Metrics We Wish We Had – Supply Chain Management

This paper explains the key metrics that most companies use in the management of supply chain. It is essential to note that management of supply chain requires the managing of multifaceted dependence between groups, sectors and companies that have partnerships across global boundaries; therefore it is seen as an expected zone for metrics. There are many forms of metrics, which can be utilized to measure the performances of an effective supply chain management system. They are include return on product launch and time to value the total supply chain costs as well as perfect order rate (Hugos, 2011). For a person to fully understand why this metrics are considered important, it would be necessary to determine their uses in the supply chain cycle. Considering the demand driven principle of supply chain, it is necessary that there are correlations between the demand, supply and the products in the company for the business to swiftly respond to increasing opportunities. To add on that, dimensions of measurements have to be considered, that is operational excellence as well as innovation excellence.

In order for one to measure the dimensions, hierarchies of metrics have to be used. This is where one considers which metrics are suitable for the company with respect to the type of business and products or services offered. Perfect order rate combined together with total supply chain costs provide the correct approach for measuring operational excellence, while, on the other hand, innovation excellence can be quantified using time to value, followed by return on product launch (Chopra & Meindl, 2012). The two dimensions are used because they best explain the benefits and vales of the supply chain while at the same time identifying the best performing business. Perfect order rate elaborates on the calculation of orders in the company that lack any error, and captures every phase in the ordering process. Upon identification of the errors, corrective measures are put in place which optimizes the performances in the supply chain. This explains why it is most important form of metrics in many organizations.

Return on product elaborates on the revenues earned from the sale of the product; it compares the profit margins from the product and those of the costs used in producing it. It is mainly used to measure the company’s profitability rate. Total supply chain elaborates on the time taken to fulfill a consumers order when the levels of the inventories were nil. It mainly shows the efficiencies of the supply chain and helps in identifying situations that have competitive advantages in the market (Hugos, 2011). Time to value measure elaborates on the percentages of orders that reach the customers on or before the requested time frame. This helps in promoting customer satisfaction and signposts an effective supply chain. These four metrics elaborates on the overall performances of the supply chain, and identifies opportunities that exist for the company to increase its effectiveness, investor and customer values in the supply chain.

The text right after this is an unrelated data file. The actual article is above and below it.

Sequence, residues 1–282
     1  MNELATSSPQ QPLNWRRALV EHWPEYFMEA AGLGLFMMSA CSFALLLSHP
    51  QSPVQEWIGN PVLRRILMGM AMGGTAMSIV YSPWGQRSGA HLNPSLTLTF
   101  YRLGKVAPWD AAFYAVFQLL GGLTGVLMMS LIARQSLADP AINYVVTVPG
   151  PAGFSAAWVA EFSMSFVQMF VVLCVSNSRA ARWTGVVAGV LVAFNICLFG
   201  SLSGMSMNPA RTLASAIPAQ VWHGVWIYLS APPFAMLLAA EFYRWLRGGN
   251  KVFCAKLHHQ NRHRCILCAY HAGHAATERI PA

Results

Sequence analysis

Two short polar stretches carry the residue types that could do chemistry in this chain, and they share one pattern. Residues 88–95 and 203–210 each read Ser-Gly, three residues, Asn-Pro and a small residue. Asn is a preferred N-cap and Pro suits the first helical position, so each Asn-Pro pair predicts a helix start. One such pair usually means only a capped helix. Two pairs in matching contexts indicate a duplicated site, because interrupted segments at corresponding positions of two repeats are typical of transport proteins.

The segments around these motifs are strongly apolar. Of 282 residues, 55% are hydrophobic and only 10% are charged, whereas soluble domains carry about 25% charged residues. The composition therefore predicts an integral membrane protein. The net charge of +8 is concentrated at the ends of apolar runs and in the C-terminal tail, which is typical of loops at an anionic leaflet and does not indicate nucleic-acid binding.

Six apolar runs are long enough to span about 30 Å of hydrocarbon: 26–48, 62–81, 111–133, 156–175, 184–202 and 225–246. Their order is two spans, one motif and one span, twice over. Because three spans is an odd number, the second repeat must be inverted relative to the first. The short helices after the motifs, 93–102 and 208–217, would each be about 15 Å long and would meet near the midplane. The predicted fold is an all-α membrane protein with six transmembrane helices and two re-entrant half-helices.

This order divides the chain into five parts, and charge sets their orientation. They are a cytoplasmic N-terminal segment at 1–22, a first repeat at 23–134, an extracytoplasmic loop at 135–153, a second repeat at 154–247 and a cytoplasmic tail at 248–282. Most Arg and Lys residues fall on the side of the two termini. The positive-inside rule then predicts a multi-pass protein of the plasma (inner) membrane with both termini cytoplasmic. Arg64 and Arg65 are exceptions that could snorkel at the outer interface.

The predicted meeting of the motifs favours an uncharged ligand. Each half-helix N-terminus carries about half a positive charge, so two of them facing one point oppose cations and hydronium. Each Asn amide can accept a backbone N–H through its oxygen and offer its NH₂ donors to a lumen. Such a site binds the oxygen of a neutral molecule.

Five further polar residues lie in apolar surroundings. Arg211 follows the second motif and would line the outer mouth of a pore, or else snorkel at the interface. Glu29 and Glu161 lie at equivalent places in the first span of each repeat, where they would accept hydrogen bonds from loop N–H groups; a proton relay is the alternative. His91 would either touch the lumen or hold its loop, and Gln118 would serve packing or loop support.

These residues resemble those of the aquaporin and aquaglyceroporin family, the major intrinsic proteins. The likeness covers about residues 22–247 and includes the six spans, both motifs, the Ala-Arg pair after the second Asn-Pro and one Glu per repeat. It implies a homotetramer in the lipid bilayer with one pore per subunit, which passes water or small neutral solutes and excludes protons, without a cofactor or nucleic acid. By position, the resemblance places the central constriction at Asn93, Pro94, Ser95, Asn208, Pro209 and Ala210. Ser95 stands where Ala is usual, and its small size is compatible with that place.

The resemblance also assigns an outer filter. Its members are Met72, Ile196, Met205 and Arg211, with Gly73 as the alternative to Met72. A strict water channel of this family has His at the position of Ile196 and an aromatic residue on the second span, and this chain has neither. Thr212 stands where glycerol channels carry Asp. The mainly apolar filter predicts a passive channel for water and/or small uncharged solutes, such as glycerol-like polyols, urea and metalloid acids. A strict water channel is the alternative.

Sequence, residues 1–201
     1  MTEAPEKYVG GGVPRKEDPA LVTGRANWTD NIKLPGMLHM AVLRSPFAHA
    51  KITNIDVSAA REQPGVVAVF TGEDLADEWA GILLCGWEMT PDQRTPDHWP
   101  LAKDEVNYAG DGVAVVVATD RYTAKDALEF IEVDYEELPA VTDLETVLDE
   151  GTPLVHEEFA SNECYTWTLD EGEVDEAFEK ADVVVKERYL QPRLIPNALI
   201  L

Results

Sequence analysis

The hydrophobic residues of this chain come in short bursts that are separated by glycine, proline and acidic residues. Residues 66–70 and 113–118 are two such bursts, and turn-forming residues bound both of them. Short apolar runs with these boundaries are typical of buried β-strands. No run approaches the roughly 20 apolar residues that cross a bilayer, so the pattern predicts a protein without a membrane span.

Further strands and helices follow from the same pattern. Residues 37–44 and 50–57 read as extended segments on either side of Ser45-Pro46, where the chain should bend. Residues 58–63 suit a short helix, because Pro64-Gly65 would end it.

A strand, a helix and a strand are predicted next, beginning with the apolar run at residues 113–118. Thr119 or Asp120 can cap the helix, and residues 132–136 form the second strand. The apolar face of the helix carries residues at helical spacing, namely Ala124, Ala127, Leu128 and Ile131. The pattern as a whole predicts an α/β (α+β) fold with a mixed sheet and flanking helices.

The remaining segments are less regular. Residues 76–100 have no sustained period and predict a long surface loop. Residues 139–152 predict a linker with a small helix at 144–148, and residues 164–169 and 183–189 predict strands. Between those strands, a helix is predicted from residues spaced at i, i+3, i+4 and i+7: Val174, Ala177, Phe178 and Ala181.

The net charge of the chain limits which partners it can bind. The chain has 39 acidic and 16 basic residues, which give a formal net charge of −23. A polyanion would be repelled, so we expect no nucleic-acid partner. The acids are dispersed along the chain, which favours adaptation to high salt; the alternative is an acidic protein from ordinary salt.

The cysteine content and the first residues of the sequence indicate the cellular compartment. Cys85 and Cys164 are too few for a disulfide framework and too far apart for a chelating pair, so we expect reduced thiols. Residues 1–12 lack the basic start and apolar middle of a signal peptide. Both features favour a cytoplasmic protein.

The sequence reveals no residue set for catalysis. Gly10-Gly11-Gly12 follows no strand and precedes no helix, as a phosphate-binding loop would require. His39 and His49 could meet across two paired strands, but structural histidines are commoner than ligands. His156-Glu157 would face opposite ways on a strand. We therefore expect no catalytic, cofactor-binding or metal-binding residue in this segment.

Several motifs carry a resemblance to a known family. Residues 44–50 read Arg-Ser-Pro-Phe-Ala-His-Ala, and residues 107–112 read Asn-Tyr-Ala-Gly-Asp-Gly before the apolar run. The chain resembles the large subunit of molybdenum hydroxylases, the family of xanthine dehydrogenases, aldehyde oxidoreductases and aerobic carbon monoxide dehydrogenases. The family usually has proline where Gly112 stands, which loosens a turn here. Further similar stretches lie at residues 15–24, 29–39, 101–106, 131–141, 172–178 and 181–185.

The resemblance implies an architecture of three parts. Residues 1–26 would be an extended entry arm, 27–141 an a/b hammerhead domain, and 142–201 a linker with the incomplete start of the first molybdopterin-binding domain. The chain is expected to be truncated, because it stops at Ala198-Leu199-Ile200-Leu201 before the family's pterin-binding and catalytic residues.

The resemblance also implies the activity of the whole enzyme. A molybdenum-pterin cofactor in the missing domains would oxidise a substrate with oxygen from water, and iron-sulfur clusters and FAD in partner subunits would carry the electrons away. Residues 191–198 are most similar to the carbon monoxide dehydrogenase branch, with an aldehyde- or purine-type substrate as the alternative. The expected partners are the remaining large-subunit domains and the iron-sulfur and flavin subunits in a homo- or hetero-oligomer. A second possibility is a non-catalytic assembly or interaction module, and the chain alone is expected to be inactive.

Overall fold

In conclusion, it is evident that a well-designed system of supply chain metrics can increase the probabilities of a company’s success by aligning procedures across numerous firms, assist in targeting the most cost-effective market segments and obtaining a positive competitive advantage through distinguished services and lower expenditures (Chopra & Meindl, 2012). Inefficient metrics in the supply chain will eventually result in failures to meet the company’s desired expectation, missed opportunities while trying to outdo the competition and conflicts in the supply chain division.


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